Editor   13 Jan 2014   Diplo Blog

Printer Friendly and PDF

Throughout high school, college, and even at university, a challenge we students faced when writing research papers and essays was using as many multi-syllabled words as possible; the perception was that our ideas would only then be received as 'serious and sophisticated'.  The assignments themselves would fuel this thought with minimum word and page limits, making SHIFT-F7, or the Thesaurus function in MS Word, a great tool for the more desperate among us, who would resort to replacing words like 'use' with 'utilise' in a slow, agonising yet sure attempt to push the page count up to the required limit.

Over time, the opposite of what we believed - or perhaps were made to believe - actually holds increasingly true. The advent of the over-information age, with its innumerable Google search results, social media posts, apps, and limitless other resources available on our handheld devices, grapples with time and hampers our attention span.  The demands of today’s 'hyper' reality require ideas and information to be communicated simply, more efficiently and through more effective means than ever before. 

Wordy PowerPoint presentations, stretched speeches, multi-paragraphed e-mails, and lengthy videos have a diminishing value, if any at all.  But there continue to be those embroiled in these practices, which makes it clear that simplifying communication may be easier said than done (no pun intended).  Simplifying a complex idea and effectively delivering the message is a tremendous skill to have, yet our mindset may not have been trained to do so throughout our formative school years, or perhaps some still misperceive lengthy and complex writing as a sign of sophistication. Instead, more often, complexity and unclarity may suggest that there is a lack of a message at all.

A great contributor to honing this ability has been the mass popularity of messaging, either through text or SMS (Short Message Service), or now through chat apps like BBM, WhatsApp, GroupMe, Line, WeChat and others. Another tool that contributes towards the skill is Twitter and its restriction of posts to 140 characters. The limitations can sometimes be inhibiting, yet they offer great practice in forcing the user to eliminate supplementary information from the core message to be conveyed.

While writing my doctoral dissertation, I was subjected to my advisor playing her best butcher to the slab of meat I had submitted, in mercilessly removing excess pages that I had spent many hours toiling over.  The exercise was challenging at first; it was difficult not to interpret it then as squandered effort. Yet, after enduring it many times over, there is a feeling of liberation in being able to break through the shackles of words and shorten and simplify the message.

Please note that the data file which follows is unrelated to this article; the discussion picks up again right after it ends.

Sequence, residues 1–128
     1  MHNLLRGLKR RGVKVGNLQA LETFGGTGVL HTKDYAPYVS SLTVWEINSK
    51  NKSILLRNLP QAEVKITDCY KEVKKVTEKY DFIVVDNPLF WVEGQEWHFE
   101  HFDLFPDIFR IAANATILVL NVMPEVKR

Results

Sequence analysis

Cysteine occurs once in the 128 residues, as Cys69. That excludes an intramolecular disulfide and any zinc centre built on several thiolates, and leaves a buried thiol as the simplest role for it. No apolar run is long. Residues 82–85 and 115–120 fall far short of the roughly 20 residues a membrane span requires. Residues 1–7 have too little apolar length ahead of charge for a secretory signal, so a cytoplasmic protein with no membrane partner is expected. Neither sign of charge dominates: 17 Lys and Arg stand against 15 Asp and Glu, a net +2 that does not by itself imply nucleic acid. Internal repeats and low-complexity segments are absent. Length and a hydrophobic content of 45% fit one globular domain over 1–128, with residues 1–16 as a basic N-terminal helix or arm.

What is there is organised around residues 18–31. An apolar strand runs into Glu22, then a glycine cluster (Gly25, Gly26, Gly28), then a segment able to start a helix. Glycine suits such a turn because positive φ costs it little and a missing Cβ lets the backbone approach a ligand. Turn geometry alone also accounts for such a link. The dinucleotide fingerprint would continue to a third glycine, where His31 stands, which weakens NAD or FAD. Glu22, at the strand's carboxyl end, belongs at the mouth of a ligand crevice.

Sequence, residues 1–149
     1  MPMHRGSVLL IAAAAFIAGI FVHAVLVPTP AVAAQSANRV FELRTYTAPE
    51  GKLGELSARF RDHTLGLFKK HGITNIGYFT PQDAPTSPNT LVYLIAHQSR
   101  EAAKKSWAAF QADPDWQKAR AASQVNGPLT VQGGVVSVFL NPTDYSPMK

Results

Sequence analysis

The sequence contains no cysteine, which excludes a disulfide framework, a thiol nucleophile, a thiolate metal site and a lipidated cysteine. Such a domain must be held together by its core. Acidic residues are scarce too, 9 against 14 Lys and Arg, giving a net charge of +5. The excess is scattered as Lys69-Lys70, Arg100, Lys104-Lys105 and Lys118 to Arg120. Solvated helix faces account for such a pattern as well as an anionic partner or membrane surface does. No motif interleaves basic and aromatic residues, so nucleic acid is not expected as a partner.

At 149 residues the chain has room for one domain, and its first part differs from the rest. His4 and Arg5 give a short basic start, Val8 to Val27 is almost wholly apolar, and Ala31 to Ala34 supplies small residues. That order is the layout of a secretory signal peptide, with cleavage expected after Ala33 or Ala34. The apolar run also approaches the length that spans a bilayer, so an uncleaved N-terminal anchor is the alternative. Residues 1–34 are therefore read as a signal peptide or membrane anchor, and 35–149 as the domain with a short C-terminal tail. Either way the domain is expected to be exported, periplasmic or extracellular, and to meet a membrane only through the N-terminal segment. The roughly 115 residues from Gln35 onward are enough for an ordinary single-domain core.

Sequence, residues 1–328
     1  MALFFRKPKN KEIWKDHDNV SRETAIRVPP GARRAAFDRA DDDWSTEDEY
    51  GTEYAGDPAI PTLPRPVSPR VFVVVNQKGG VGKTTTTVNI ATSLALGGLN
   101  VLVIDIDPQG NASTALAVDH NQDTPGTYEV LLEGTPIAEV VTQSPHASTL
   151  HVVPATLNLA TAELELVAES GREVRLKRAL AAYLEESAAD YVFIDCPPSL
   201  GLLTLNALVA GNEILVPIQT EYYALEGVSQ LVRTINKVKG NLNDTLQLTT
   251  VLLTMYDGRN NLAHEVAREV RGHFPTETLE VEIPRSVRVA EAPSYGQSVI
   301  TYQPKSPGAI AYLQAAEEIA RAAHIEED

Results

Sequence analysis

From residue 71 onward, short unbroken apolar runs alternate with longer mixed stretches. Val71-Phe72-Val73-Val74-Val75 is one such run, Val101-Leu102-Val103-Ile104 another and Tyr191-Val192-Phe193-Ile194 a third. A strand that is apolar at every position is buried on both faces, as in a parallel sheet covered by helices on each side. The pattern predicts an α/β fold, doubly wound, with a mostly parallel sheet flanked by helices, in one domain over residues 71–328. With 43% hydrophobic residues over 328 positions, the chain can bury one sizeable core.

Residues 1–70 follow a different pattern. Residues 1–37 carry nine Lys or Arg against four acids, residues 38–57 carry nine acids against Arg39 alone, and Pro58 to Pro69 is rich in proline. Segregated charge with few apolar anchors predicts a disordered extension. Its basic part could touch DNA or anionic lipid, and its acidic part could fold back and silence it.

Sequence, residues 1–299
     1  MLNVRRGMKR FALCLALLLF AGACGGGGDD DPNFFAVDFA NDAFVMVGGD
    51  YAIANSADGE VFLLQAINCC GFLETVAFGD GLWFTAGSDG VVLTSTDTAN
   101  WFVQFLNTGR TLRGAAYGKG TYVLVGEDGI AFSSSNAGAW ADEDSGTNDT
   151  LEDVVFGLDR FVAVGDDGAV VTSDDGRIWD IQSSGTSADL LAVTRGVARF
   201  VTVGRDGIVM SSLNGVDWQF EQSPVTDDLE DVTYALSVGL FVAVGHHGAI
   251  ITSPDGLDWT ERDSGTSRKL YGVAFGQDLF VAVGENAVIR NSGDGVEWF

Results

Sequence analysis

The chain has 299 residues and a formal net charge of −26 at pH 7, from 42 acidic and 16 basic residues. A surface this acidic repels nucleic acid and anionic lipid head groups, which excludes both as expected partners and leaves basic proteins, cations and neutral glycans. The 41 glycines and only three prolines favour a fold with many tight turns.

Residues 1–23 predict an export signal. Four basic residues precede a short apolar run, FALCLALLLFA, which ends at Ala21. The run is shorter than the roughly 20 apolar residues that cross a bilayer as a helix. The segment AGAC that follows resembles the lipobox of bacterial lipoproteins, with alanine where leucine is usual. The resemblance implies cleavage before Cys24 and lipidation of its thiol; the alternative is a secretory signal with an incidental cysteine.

Others in the past have maintained that conveying an idea with fewer words is better. It is not a new concept, and yet it can seem so novel. I am reminded of a reference by the 17th century French philosopher Blaise Pascal: If I had more time, I would have written a shorter letter. Efficiency can require more effort but is essential to convey ideas, regardless of the mode of communication.  Blaise Pascal, for one, would have agreed.

Dr Shujaat Wasty is a Senior Learning Advisor with the Canadian Foreign Service Institute at the Department of Foreign Affairs, Trade and Development Canada.

Comments

  • Profile picture for user Mary
    Mary, 08/07/2020 - 04:02

    Interesting post Shujaat. There's a plain English movement in the UK that is attempting to do as you suggest. And, Pascal wasn't the only one to think this way... various other quotations along similar lines show that Mark Twain, George Bernard Shaw, Voltaire, Johann Wolfgang von Goethe, Winston Churchill, Pliny the Younger, Cato, and Cicero all had a similar view. http://quoteinvestigator.com/2012/04/28/shorter-letter/

  • Profile picture for user Hannah
    Hannah, 08/07/2020 - 04:02

    Thanks for this interesting posting. I agree with your main point on the value of clear and concise writing, and the sometimes painful process of learning how to do this. But I'm not sure I agree that SMS and Twitter-style communication help us to achieve that. I think we need more than 140 characters to express most ideas beyond 'look at this!' Twitter may be useful for sharing information and finding others with similar interests - but I don't see much actual exchange and development of ideas in Twitter. I'd be interested to hear other views on this.

  • Shujaat (not verified), 08/07/2020 - 04:02

    Mary - thanks for the other references. It's interesting how certain trends seem to be cyclical. Re: plain English - an interesting movement with some debate around concerns of "degradation" of language (as opposed to seeing it evolving). Thoughts?

  • In reply to by Hannah

    Shujaat (not verified), 08/07/2020 - 04:02

    Hannah - it can definitely be a debatable point; I think it may depend on what is being discussed and to what level an exchange is required. But I've seen some beneficial exchanges on Twitter and even personally, there have been times that I have experienced development of ideas through LinkedIn.

    But I'd agree that these tools generally may be more useful to initiate conversations that can later develop into a (more) meaningful exchange separately - touched upon it in this post: http://www.diplomacy.edu/blog/are-phones-still-phones-guest-blog

Leave a Reply

Plain text

  • No HTML tags allowed.
  • Lines and paragraphs break automatically.
  • Web page addresses and email addresses turn into links automatically.
  • You may use [view:name=display=args] tags to display views.
CAPTCHA This question is for testing whether or not you are a human visitor and to prevent automated spam submissions.